President Obama offers compromise over contraception controversy on Friday, February 10, 2012 - Religiously affiliated universities and hospitals will not be forced to offer contraception coverage and onsurers will be required to offer coverage for free to women who work at such institutions.
(CBS News) President Obama on Tuesday urged residents of the Gulf Coast to heed the directions of local officials as they prepare for the arrival of Isaac, the tropical storm that's expected to reach hurricane strength and hit land later in the day.
"Now is not the time to tempt fate," Mr. Obama said from the White House. "You need to take this seriously."
Under the president's direction, Federal Emergency Management Agency (FEMA) officials have been on the ground in the Gulf region for over a week, but "the hardest work is still ahead," Mr. Obama said.
"I'll continue to make sure the federal government is doing everything possible to help the American people prepare and recover from this dangerous storm," the president said.
Mr. Obama gave this reassurance to Gulf Coast residents before departing on a two-day campaign swing through college towns in three key swing states. College students were a key part of Mr. Obama's 2008 base -- one he hopes to re-energize this year.
Mr. Obama's decision to stay on the trail even as the storm approaches shows how seriously his campaign is taking Mitt Romney's candidacy. A new CBS News poll released Tuesday morning shows Mr. Obama leads by just one point -- 46 percent to 45 percent -- among registered voters who lean towards a candidate. Just 6 percent of voters are undecided.
Isaac on verge of becoming hurricane
Isaac could still wreck GOP convention
The president will attend a rally at Iowa State University this afternoon, followed by an evening rally at Colorado State University. On Wednesday, he travels to the University of Virginia at Charlottesville.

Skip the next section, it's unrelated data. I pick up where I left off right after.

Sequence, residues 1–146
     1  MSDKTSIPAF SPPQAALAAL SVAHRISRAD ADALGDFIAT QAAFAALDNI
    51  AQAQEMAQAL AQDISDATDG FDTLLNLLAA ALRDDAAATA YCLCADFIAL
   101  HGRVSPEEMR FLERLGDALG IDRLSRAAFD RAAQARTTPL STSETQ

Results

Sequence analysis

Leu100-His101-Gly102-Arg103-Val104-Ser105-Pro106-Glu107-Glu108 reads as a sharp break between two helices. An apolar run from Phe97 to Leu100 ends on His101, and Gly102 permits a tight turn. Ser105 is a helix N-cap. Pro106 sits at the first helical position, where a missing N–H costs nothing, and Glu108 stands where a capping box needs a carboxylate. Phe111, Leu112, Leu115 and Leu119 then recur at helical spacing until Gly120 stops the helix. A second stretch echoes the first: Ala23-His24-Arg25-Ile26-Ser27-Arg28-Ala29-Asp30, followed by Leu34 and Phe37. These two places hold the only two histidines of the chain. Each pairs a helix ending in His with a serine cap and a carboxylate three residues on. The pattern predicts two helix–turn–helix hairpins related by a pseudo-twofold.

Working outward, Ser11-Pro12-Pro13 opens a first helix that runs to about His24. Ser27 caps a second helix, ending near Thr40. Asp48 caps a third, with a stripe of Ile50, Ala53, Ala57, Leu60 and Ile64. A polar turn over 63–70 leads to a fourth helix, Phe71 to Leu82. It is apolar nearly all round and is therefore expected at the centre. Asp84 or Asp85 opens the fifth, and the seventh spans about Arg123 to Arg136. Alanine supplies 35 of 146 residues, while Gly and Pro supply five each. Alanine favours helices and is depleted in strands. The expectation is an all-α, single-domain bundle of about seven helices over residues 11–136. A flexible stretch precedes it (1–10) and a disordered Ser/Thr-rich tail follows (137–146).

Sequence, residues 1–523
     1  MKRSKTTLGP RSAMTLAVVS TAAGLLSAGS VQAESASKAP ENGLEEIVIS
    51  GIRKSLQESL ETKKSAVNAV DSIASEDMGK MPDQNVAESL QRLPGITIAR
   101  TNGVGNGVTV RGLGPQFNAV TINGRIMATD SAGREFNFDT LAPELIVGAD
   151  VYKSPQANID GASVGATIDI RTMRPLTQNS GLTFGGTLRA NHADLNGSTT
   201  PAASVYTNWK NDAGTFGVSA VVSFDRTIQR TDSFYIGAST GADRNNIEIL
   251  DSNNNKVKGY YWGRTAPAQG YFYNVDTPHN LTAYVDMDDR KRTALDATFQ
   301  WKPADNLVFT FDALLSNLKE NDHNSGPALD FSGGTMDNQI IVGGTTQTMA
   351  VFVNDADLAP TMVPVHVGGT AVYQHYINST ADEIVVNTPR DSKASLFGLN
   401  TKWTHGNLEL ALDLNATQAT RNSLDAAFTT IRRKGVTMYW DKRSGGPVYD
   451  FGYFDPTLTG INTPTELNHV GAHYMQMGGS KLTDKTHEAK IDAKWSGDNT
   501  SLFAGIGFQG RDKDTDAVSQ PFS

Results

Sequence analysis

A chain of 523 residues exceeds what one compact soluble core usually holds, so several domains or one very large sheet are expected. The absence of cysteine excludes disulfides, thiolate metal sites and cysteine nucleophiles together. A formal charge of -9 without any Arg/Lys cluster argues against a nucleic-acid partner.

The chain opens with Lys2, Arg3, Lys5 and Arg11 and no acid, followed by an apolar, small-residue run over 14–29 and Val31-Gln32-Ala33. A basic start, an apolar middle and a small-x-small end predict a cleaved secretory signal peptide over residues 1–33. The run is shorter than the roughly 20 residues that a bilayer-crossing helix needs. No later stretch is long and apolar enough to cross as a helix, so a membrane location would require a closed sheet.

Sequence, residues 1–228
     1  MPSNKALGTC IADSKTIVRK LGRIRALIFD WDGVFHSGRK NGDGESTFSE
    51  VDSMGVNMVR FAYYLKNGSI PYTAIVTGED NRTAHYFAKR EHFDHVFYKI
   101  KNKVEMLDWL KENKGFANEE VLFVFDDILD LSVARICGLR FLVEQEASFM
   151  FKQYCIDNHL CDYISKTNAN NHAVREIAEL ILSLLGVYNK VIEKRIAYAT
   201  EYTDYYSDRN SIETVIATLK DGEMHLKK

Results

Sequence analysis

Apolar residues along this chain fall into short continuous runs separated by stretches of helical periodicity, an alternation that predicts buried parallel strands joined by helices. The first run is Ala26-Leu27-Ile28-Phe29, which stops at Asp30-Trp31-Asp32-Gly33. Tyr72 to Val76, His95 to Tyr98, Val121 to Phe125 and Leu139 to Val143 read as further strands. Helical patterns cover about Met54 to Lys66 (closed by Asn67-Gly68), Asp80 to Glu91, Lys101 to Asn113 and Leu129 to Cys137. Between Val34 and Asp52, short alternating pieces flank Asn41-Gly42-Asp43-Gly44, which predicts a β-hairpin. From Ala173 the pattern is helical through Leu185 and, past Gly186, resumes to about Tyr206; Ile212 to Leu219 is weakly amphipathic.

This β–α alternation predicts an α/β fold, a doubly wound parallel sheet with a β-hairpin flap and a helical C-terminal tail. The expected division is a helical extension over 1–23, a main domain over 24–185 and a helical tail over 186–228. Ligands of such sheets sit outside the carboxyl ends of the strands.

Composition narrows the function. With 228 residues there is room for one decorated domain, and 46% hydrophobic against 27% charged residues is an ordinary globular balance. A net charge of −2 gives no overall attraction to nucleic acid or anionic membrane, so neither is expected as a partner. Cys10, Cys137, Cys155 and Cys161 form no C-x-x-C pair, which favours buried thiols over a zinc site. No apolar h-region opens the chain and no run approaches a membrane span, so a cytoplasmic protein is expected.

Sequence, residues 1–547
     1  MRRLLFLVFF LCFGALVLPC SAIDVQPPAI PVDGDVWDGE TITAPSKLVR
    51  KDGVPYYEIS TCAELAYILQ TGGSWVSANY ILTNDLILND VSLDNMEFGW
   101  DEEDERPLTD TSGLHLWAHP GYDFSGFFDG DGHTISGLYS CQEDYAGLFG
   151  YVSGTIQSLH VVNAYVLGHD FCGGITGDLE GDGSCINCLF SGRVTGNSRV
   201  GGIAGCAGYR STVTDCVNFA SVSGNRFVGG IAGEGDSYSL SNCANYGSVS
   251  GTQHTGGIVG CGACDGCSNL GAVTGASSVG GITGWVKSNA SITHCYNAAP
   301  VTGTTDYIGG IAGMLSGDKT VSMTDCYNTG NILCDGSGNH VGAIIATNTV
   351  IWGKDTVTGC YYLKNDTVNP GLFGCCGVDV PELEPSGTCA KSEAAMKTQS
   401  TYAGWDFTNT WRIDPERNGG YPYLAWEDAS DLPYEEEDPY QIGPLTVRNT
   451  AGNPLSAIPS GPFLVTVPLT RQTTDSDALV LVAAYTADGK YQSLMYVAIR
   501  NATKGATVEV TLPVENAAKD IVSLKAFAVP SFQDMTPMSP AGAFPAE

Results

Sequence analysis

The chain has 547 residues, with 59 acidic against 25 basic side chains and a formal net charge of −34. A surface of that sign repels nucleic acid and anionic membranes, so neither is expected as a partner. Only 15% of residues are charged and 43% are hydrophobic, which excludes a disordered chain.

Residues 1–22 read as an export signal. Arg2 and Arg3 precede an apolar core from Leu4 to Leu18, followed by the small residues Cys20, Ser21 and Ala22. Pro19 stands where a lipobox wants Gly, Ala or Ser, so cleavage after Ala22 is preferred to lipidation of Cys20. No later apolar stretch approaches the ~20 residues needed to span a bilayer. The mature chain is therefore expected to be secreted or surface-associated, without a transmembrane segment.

Seven years ago this week, Hurricane Katrina devastated New Orleans, and once again, a storm threatens to flood the area. Louisiana, Mississippi, Alabama and the Florida Panhandle could also see flooding.
Mr. Obama on Monday approved a disaster declaration for the state of Louisiana so it can get the resources it needs, particularly for evacuations under way. Additionally, Mr. Obama noted Tuesday that there are response teams on the ground with supplies, ready to help communities expected to fall in the path of the storm. He said that he received updates on the situation Tuesday morning from Homeland Security Secretary Janet Napolitano, FEMA head Craig Fugate and National Hurricane Center Director Dr. Rick Knabb.
While the president says the federal government is prepared to respond to the storm, he runs the risk of appearing unsympathetic or unresponsive to the storm by campaigning as it makes landfall. Even though Isaac is bypassing Tampa, Fla., where the Republican National Convention is under way, Republican officials have left open the option of curtailing convention events because of the storm.
Though Mr. Obama will stay on the trail, Vice President Joe Biden canceled planned appearances in Florida because of Isaac.